28 October 2012
The nation’s Asia-literate public sector will play a major leadership role in the Asian century, the Minister for the Public Service and Integrity Gary Gray said today.
By 2025, one-third of board members of Commonwealth bodies and one-third of the senior leadership of the Australian Public Service (APS 200) will have deep experience in and knowledge of Asia.
Mr Gray said the Australian Public Service would lead by example in meeting the challenges and opportunities presented by the growth of Asian economies.
He said the Gillard Government’s Australia in the Asian Century White Paper released today was a roadmap for the country to capitalise on strong economic growth in the region. This will require a whole-of-Public-Service leadership effort.
“Both the public and private sectors have significant roles to play if Australia is to make the most of the Asian century,” Mr Gray said.
“Like the top 200 companies, we will boost Asia-literacy on the boards of all Commonwealth bodies as well as among the senior executive leadership group.”
A deeper understanding of the region means better integrated policy analysis, problem‑solving and implementation across domestic and international matters.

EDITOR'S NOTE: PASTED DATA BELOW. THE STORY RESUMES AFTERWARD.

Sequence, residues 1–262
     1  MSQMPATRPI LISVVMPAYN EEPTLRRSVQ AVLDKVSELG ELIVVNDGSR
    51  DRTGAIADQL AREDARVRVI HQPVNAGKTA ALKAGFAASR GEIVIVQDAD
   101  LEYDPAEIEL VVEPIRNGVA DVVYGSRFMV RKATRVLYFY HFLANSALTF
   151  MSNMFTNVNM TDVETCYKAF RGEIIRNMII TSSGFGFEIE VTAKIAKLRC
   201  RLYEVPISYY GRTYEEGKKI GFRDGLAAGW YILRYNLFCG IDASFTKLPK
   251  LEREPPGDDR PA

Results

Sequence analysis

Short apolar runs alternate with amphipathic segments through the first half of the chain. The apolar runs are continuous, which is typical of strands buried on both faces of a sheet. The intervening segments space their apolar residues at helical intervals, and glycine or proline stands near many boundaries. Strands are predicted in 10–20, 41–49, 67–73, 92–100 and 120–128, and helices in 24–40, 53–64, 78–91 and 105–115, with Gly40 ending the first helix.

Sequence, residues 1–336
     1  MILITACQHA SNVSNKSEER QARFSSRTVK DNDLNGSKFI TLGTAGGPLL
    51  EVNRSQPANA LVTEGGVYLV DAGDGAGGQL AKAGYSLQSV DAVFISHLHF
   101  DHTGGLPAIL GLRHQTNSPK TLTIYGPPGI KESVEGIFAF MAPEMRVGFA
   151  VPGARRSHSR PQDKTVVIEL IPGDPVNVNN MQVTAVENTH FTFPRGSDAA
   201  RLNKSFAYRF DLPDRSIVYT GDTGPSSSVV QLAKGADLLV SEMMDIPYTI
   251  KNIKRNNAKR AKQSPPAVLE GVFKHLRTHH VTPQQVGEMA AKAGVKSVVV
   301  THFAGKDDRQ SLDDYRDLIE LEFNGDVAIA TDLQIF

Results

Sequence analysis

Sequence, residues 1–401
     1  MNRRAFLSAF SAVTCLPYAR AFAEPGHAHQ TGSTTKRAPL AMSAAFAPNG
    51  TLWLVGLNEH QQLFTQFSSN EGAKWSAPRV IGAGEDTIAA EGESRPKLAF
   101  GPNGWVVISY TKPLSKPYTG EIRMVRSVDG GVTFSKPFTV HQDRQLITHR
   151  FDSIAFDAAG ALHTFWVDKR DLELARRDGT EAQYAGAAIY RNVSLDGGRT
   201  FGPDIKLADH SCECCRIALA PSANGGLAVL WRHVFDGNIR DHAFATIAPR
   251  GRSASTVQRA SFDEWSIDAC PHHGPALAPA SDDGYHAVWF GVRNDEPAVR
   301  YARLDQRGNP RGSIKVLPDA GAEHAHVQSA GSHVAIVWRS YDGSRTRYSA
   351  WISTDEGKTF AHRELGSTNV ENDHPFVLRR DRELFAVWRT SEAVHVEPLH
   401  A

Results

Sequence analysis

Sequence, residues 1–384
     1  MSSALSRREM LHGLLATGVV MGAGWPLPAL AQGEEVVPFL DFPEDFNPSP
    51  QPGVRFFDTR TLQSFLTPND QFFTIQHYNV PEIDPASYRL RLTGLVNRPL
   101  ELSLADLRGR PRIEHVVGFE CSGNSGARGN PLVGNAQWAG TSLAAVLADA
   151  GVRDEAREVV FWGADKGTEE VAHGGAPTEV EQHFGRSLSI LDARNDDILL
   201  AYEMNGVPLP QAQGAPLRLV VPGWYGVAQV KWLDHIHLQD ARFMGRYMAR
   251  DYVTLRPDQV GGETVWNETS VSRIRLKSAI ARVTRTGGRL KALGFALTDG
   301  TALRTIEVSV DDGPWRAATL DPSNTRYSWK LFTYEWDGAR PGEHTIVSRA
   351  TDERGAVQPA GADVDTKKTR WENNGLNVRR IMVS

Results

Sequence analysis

Secretary of the Department of the Prime Minister and Cabinet Dr Ian Watt and the Australian Public Service Commissioner Mr Stephen Sedgwick will develop a strategy to ensure the Government can build on existing capabilities to meet future needs.
“In developing this capability strategy, the APS will aim to embed practices that deepen Asia relevant knowledge and expertise,” Mr Gray said.
“At the minister level, we’ll build stronger relationships through more regular bilateral and regional engagement with our counterparts in Asia to pursue policy outcomes.
“The Australian Public Service and Australian institutions, including cultural institutions, will need to have deeper knowledge and expertise of countries in our region, and have greater capacity to integrate domestic and international issues.
“The Australian Public Service and the corporate sector will need to work together to build on our skills and understanding of the region with more effective interaction at all levels—political, cultural, social and business—to improve policy development and implementation.”
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